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Posted 04 February 2006 - 01:32 PM

Whether it is a weakness in modern design modern cinematography, or modern directing, I don't know but the art of composition has been much diluted over the years, probably under the notion that a well-composed shot with depth is somehow less "realistic." In the 1970's there was a conscience decision among filmmakers to break with the Hollywood tradition of what constituted "good" photography because it had gotten so stale -- a healthy reaction -- but sometimes you throw the baby out with the bathwater when you try and re-invent the rules.


---I suppose that's where this contemporary disdain for deep focus comes from. Since composition becomes paramount for directing the eye, rather than throwing everything out of focus except for the main subject.

---LV
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#10 fstop

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Posted 04 February 2006 - 01:40 PM

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Any idea who did the matte painting?

I agree with David about older school designers really designing the sets for the lenses, even the format. I interviewed Peter Murton about the movie KING LONG LIVES last year, and I was absolutely blown away to hear how he created locations. The movie was shot in Wilmington, North Carolina with a few sequences in Tennesse. There are some really nice wide and medium shots of Borneo rainforests in the movie. Murton revealed to me that the rainforests were nothing more than the Wilmington Arboretum dressed with foreground exotic plant elements and stuffed parrots! Murton described it as very much a collaboration with director John Guillerman. It really paid off, because they didn't just go for static locked off shots, there are many precisely choreographed dolly shots in there too! Production design isn't just about literally building as much as you can of an actual to scale physical location/set. Designers also use to get more involved with the visual effects of movies too, to the point where they have their own regular matte artists. I think the lack of all that really shows today.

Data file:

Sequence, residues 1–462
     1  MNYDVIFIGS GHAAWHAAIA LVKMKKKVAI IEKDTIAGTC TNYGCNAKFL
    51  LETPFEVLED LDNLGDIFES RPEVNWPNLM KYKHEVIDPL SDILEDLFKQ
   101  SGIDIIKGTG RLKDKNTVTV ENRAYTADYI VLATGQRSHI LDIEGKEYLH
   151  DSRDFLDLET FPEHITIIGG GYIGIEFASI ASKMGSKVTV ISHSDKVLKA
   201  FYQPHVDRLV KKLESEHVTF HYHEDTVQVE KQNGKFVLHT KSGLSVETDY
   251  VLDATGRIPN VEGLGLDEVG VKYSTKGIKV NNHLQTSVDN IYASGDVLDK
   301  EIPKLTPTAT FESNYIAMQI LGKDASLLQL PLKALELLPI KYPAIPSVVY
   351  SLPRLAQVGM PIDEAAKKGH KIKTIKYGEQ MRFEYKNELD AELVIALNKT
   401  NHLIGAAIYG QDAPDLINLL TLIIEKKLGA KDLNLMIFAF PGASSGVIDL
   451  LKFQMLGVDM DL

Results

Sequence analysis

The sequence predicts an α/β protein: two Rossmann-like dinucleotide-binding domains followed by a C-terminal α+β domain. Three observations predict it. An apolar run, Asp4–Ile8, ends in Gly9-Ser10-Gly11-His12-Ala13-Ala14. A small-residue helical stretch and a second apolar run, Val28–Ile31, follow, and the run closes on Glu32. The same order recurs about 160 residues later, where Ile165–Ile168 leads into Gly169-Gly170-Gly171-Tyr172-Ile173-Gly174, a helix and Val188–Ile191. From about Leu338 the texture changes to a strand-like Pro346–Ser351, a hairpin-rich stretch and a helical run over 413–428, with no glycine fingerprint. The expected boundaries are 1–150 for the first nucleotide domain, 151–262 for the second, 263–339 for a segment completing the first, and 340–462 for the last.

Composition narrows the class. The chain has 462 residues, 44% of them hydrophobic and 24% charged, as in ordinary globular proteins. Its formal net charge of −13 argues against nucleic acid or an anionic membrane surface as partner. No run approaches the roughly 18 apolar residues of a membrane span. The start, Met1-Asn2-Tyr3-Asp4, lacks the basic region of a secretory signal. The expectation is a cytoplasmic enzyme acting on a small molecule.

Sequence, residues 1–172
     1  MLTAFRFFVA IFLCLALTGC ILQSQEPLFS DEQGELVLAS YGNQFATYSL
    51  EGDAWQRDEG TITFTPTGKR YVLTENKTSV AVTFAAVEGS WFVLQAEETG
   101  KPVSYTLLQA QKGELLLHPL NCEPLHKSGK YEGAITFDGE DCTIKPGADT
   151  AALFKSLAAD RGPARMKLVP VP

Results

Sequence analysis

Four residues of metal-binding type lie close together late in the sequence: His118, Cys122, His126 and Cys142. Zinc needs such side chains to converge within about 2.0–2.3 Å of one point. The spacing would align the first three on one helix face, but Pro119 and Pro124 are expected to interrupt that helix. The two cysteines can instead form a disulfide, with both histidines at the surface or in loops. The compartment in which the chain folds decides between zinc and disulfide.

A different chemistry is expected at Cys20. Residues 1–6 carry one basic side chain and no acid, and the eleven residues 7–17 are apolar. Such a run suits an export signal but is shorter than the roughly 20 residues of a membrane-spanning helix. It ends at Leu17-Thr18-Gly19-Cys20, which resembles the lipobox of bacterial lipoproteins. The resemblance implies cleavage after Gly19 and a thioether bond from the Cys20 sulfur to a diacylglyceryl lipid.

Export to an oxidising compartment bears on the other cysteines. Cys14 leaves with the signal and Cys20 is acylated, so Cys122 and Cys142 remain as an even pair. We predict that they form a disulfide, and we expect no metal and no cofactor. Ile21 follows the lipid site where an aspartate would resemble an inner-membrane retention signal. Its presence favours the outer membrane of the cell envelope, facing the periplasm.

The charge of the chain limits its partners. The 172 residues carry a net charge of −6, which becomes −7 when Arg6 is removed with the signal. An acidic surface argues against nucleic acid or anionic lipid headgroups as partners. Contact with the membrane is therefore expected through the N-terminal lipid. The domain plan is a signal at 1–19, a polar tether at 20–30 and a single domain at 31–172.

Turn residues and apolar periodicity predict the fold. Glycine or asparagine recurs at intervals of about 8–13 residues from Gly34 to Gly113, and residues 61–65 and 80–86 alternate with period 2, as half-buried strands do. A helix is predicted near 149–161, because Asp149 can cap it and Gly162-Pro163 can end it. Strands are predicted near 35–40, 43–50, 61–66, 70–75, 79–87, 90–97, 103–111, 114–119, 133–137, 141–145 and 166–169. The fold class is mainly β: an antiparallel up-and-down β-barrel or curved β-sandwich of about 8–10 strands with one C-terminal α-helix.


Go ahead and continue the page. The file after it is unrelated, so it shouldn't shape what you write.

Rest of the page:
You also certainly use to see designers names credited as second unit directors on movies too. Not too much of that anymore.

Whatever his weakness as a storyteller, at least when Tony Scott breaks things up into multiple tight angles and fragments and abstracts everything, there is a painter's sensibility behind the deconstruction, but many directors and DP's don't even have that level of aesthetic development, yet copy that style.


Ironic, as Scott is often cited as starting the trend of framing for Pan and Scan (on Top Gun).
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#11 Patrick Neary

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Posted 04 February 2006 - 01:53 PM

great posts!